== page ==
[From 12 Apr 2016] Today’s transplants: Still steadily plugging in seedlings in the greenhouse, waiting for more ground to dry out. This round, lettuces (above) and bok choi (elsewhere). All this transplanting is pretty straightforward—taking the photo, I might wonder, “What’s the difference between these seedlings stuck in the ground, and any others…why bother posting the same thing over and over?” Well, I don’t literally ask myself that, but I can see how some folks may think that. There’s no good answer, it really is in the eye of the beholder.
On a tiny farm, where weather runs everything, you never know how little decisions will turn out, and how critically they may affect things. Decisions like, let’s put up this greenhouse in this wet-in-spring field that’s also slow to dry, and see what happens (because the alternatives are too expensive), and fix or work around any problems we may run into. In that greenhouse, THIS lettuce planting, in mucky ground, in all-new conditions that may also in a few days get infernally hot and downright lettuce-unfriendly if we don’t finish the end-wall windows for ventilation before the temperature shoots up, is entirely different from every other lettuce transplanting. New story, ending unknown, let’s see how it turns out! It’s always something different… :)
[From 8 Apr 2016] Friday harvest and the main green going right now is LETTUCE, appearing as small leaf salad mix. We’re waiting to do new greenhouse seeding – it’s still way wet in there – but a bunch of lettuce transplants are already in, some bok choi, too. So the season’s ramping up and the weekly look around to see what the weather has delivered for market…begins!
Wormwood of some sort, this weed from the greenhouse, according to our best guess from a selection of possibilities offered up by the smart smartphone plant identification app I’ve been playing with/trying out. There are several such apps for Android: this one’s called Like That Garden—”See a plant, take a photo, and find out what it is – instantly!” It got the highest ratings, and is free, so I grabbed it.
Like the advertising says, it’s that simple to use. With the app, you take a snapshot of the mystery plant that’s saved as a low rez image (above) and sent off into the ether where it’s checked against a vast plant photo database, several possibilities soon return, with multiple images for each, and you pick the one most likely (I suppose in some cases, only one choice comes back, but so far, that hasn’t happened). The technology is all about advanced image recognition and visual searches, very…digital. Trying it out on a few plants, it’s worked quite well.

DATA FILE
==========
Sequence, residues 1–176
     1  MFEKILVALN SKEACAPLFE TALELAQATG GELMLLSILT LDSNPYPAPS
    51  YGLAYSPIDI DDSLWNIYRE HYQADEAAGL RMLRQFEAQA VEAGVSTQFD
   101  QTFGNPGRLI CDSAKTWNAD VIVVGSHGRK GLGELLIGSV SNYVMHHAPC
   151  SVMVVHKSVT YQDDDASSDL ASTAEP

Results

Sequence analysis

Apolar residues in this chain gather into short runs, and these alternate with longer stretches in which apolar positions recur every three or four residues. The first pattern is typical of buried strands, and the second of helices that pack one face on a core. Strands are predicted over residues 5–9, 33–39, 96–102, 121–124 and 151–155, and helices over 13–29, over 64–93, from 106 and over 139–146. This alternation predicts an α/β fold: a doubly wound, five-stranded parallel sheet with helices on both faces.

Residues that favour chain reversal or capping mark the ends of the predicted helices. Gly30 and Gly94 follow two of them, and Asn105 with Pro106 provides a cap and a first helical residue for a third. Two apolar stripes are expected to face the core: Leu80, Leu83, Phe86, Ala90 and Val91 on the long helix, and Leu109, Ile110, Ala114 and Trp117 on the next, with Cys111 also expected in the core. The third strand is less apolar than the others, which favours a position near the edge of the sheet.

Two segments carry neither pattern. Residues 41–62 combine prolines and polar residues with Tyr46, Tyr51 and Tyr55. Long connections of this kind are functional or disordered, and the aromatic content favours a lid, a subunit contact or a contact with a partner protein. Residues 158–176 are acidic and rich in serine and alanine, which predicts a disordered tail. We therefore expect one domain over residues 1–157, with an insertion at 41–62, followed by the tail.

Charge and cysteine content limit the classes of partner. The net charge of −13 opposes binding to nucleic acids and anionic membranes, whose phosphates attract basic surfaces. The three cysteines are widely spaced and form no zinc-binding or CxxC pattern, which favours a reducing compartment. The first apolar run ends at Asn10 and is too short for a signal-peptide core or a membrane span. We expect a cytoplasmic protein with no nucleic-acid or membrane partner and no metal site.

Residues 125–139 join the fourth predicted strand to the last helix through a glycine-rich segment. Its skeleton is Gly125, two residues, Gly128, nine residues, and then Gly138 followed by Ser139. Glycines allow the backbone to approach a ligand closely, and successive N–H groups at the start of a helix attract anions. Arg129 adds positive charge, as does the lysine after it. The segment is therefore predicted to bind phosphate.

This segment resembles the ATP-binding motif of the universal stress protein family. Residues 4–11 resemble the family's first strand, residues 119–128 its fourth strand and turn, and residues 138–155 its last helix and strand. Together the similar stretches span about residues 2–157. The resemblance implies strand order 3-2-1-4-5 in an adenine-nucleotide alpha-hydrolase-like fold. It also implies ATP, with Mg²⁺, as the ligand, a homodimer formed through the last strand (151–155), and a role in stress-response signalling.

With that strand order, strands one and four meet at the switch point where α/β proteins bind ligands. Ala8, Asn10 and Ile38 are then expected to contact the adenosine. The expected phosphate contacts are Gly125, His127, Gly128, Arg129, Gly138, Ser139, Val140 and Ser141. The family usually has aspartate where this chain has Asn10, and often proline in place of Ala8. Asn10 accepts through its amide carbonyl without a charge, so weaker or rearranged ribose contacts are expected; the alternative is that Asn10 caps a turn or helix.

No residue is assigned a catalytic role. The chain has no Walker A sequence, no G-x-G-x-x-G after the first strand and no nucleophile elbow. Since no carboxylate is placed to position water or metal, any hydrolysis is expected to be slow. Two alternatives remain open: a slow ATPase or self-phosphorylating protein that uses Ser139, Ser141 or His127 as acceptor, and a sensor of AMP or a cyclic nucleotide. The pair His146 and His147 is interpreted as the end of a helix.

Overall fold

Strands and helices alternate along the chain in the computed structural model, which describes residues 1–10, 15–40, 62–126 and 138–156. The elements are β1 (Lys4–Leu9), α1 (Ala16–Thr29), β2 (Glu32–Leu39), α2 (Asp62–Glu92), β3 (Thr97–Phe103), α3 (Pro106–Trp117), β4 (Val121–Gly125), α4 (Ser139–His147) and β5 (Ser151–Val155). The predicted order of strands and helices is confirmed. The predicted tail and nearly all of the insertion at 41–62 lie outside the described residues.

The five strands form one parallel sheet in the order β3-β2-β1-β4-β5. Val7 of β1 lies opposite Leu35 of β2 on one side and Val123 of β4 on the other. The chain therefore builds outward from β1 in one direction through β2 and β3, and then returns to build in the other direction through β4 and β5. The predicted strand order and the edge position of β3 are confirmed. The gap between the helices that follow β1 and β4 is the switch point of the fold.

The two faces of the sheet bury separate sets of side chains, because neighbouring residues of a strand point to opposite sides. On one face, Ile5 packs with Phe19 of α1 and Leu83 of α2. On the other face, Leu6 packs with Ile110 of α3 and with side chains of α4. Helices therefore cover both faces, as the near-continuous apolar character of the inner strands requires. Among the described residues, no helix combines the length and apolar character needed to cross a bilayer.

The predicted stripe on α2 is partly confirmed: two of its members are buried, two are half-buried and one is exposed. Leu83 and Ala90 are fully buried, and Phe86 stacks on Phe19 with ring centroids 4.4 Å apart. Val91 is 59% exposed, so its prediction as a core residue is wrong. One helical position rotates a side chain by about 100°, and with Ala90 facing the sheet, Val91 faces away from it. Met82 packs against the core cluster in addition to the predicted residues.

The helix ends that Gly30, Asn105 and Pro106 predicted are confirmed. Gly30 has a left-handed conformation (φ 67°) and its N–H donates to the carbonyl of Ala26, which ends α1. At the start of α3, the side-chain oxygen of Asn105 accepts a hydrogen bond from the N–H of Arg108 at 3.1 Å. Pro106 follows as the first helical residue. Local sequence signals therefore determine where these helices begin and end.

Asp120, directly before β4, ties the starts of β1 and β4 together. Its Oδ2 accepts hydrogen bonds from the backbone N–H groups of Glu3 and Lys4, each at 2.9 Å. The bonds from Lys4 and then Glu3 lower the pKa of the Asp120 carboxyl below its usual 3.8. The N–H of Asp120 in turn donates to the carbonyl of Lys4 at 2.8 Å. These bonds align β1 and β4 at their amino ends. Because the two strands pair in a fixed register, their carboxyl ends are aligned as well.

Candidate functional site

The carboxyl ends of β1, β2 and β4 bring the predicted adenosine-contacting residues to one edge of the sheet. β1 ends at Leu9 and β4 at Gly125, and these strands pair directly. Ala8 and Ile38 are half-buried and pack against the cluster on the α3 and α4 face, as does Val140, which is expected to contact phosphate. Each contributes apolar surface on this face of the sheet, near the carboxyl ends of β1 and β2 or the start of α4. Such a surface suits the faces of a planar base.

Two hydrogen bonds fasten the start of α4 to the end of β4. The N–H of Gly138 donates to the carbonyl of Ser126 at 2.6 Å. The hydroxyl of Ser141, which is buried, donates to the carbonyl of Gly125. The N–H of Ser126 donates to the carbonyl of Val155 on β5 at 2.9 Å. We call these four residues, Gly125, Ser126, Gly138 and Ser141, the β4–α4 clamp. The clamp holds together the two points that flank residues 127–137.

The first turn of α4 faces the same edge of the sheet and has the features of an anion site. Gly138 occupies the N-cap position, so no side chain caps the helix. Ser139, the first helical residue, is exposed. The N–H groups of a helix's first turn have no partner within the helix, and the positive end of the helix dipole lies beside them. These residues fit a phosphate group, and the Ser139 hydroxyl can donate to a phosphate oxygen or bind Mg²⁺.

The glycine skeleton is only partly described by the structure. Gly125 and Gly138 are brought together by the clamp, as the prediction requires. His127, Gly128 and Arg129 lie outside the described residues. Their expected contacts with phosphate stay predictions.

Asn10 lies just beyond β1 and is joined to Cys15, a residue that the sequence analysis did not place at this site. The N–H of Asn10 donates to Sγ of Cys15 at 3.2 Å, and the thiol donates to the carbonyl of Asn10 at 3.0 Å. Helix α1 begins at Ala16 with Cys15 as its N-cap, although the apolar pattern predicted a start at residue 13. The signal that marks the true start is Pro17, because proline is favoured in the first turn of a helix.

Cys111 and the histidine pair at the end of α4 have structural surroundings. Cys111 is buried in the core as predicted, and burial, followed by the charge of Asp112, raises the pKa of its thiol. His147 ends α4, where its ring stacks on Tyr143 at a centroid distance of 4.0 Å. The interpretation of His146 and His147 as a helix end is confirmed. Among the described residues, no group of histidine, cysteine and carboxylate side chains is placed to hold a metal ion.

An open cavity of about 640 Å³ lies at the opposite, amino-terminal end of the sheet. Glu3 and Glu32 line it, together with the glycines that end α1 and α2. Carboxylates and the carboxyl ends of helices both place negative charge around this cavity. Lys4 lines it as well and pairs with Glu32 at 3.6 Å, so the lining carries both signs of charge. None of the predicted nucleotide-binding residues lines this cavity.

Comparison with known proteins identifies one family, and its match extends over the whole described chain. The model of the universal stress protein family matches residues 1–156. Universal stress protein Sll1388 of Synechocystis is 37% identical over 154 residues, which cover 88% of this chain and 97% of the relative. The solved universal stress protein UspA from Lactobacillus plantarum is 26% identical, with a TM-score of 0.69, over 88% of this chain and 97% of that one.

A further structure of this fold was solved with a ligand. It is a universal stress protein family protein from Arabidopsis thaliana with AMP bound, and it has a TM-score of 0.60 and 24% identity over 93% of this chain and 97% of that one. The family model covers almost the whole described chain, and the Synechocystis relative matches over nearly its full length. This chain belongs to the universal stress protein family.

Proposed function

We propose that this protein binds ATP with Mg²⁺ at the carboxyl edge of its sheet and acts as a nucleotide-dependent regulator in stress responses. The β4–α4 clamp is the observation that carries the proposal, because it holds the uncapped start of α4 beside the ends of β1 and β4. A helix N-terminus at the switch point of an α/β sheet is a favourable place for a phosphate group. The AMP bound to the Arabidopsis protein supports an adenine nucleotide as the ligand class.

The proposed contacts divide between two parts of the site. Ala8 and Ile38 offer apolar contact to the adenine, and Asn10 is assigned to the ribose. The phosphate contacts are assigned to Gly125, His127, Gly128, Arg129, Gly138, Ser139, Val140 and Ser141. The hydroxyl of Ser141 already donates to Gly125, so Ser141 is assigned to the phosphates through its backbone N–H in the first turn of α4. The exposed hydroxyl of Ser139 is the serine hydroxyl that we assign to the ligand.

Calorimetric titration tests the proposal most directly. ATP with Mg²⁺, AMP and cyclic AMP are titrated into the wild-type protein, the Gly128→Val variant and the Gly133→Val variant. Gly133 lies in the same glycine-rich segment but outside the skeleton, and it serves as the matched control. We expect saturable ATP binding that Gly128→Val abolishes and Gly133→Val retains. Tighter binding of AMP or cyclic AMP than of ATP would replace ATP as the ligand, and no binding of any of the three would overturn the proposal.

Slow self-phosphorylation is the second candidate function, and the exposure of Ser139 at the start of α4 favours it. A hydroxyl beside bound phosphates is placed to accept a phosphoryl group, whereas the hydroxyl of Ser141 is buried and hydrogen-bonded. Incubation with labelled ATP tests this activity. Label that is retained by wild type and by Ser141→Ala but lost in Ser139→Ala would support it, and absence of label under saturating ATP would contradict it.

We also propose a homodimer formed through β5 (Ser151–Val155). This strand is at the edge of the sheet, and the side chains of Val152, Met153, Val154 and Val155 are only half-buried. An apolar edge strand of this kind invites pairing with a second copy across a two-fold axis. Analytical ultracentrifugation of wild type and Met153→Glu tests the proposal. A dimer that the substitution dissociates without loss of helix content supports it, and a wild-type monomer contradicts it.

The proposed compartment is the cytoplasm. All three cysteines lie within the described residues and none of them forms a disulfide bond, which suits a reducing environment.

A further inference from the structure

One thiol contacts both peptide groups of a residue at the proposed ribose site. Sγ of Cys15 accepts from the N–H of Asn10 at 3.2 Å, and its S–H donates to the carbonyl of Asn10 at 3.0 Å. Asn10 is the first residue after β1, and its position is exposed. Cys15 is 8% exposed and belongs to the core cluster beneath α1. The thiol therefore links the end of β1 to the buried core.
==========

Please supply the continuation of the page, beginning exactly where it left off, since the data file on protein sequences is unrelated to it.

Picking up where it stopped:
While this app is doing fine, I have a great (effective) weed book as well. Is the app a novelty toy, or a serious tiny farming tool? Or will the smartphone be accidentally dropped in a puddle and destroyed before we get a chance to decide? Only time will tell…
Transplanting lettuce into the unheated greenhouse, filling it out in small sections to work around wetter areas. The seedlings, waiting for drier conditions, stayed a couple of weeks longer in trays than ideal—now they’re a little floppy and stretched, but I’m confident they’ll figure it out. This first spring, seeing how the ground dries in the new hoophouse is part of the learning curve. Tiny farming!
Lettuce seedlings get their first taste of full-on springtime sunshine. Next stop, into the ground in the greenhouse. I wouldn’t call this hardening off, some of these are being transplanted later today—tomorrow’s cloudy forecast should give them all the post-transplant adjustment break they need, then bring on the sun! (Starring in this pic, always reliable Black Seeded Simpson.)
Not your typical postcard sunset, and it’s kinda chilly, damp and mucky in here, even as the temperature outside slides down to an overnight -15°C (5°F). But it’s all about the greens, tucked under a couple of layers of row cover, maybe not exactly cozy with only ground heat to keep them warm—who knows how they’re really feeling—still, well-set to survive another sub-zero night. With that in mind, sundown through 6 mil plastic is a cheery-enough sight to see!
“You see a section being tilled, I see PUMPKINS. Actually, mainly spaghetti squash. And some zucchini.” There’s nothing that says, “Things will be just perfect this time around: well-weeded, vigorously green, prolifically fruitful,” better than a freshly tilled patch!